Scientists from the University of Cambridge have identified the source of morning sickness, saying it comes down to the presence of one hormone.
While falling pregnant is a joyous occasion for most, one of the not-so-fun parts of the experience is morning sickness, which for some people can be debilitating.
Usually hitting the hardest in the first trimester, morning sickness is the feeling of nausea or the act of actually vomiting, and affects about 70 per cent of pregnant people.
In more severe cases, some women may experience intense morning sickness for the full length of their pregnancy, caused by a condition called hyperemesis gravidarum (HG).
As severe as it is, for a long time feeling unwell has been an unfortunate but unavoidable part of pregnancy. However, researchers now think they’ve discovered the cause of morning sickness, which could lead to a cure for expecting mothers.
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According to the new research, led by Professor Sir Stephen O’Rahilly of the University of Cambridge, one hormone called GDF15 is the cause of morning sickness.
The amount of nausea a pregnant woman experiences aligns with the amount of hormone that’s produced by the foetus – along with how much prior exposure the woman had to the hormone ahead of her pregnancy.
“The baby growing in the womb is producing a hormone at levels the mother is not used to,” said O’Rahilly. “The more sensitive she is to this hormone, the sicker she will become.”
“Knowing this gives us a clue as to how we might prevent this from happening. It also makes us more confident that preventing GDF15 from accessing its highly specific receptor in the mother’s brain will ultimately form the basis for an effective and safe way of treating this disorder,” he continued.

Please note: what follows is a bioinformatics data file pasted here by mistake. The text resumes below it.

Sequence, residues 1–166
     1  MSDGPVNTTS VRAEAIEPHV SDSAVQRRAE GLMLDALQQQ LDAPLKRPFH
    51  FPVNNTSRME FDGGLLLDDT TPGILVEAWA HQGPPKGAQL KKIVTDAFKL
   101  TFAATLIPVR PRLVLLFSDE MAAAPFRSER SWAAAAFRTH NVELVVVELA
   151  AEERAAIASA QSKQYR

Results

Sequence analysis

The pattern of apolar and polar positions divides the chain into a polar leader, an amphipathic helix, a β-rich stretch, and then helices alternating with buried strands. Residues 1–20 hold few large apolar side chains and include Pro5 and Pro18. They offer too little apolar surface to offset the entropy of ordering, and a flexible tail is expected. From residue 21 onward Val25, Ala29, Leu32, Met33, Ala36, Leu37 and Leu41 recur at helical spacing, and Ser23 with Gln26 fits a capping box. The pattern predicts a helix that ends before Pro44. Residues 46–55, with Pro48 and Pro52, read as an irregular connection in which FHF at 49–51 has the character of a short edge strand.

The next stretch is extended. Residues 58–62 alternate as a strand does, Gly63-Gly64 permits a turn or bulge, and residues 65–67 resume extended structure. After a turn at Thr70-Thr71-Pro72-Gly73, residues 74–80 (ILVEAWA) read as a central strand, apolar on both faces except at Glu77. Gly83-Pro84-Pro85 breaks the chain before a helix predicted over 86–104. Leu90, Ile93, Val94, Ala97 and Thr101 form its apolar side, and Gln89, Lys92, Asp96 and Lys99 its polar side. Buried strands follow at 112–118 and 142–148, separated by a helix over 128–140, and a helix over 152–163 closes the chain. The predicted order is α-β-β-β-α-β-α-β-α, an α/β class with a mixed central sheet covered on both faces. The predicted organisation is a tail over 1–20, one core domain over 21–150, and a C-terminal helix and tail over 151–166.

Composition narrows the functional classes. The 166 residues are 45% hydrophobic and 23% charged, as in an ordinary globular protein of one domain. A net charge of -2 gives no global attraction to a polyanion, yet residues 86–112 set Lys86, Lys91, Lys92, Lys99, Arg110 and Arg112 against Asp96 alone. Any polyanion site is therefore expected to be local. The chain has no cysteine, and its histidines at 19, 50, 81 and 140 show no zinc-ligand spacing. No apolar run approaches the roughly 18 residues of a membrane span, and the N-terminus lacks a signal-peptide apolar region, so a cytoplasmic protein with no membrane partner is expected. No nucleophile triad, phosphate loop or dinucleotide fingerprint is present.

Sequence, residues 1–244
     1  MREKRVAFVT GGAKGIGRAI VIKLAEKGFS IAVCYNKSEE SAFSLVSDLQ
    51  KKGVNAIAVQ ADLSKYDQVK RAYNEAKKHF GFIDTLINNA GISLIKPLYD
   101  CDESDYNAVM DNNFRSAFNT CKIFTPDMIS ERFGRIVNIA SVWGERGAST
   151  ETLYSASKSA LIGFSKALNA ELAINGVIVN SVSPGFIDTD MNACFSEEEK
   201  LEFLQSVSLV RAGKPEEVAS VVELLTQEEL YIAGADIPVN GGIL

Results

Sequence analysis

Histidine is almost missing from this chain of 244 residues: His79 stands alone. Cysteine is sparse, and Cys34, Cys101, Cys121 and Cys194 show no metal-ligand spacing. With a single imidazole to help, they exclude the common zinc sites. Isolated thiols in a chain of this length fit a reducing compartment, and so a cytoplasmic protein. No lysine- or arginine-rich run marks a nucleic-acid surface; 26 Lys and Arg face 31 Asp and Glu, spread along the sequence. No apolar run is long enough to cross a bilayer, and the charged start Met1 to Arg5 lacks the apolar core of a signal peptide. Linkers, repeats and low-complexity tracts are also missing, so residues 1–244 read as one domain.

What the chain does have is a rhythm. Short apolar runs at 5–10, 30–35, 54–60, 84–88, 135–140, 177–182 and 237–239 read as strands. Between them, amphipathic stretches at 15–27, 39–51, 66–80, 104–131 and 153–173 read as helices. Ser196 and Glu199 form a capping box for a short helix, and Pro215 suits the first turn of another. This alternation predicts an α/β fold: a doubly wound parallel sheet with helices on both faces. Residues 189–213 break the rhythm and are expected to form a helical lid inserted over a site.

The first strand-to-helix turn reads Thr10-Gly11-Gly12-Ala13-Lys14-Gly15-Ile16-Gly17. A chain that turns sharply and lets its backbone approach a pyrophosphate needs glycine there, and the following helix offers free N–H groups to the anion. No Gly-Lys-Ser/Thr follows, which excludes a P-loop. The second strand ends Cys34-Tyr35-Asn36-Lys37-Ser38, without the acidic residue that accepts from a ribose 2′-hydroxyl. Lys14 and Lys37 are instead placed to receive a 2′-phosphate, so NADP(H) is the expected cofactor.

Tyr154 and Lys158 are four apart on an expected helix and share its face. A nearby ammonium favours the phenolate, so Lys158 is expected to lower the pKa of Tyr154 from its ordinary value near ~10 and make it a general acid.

HG affects up to 3 per cent of pregnancies, and often experience vomiting so severe they are hospitalised, to avoid putting themselves and their baby at risk.
“Most women who become pregnant will experience nausea and sickness at some point, and while this is not pleasant, for some women it can be much worse,” O’Rahilly said in a statement. “They’ll become so sick they require treatment and even hospitalisation,”
With the new discoveries about GDF15, the hopes are that they can develop a cure for morning sickness sooner rather than later.
Based on preliminary experiments with mice, the hypothesis is that by exposing women to the hormone before pregnancy and building up tolerance, they might be able to reduce the severity of the sickness – a welcome promise to women with HG.
Until that day comes, the Mayo Clinic recommends “vitamin B-6 supplements (pyridoxine), ginger and drugs such as doxylamine (Unisom)”, along with anti-nausea medication when required.
Lifestyle factors can also trigger nausea, and the Clinic suggests selecting foods that are “high in protein, low in fat and easy to digest” along with avoiding foods that are greasy, spicy and overly fatty.
Similarly, they suggest snacking often, as being hungry or overly full can also trigger bouts of nausea. Same goes for dehydration, so it’s important to regularly sip water and stay hydrated.
If nausea gets too severe, the first port of call should be your GP, who can investigate whether you might have HG, and can suggest a course of action.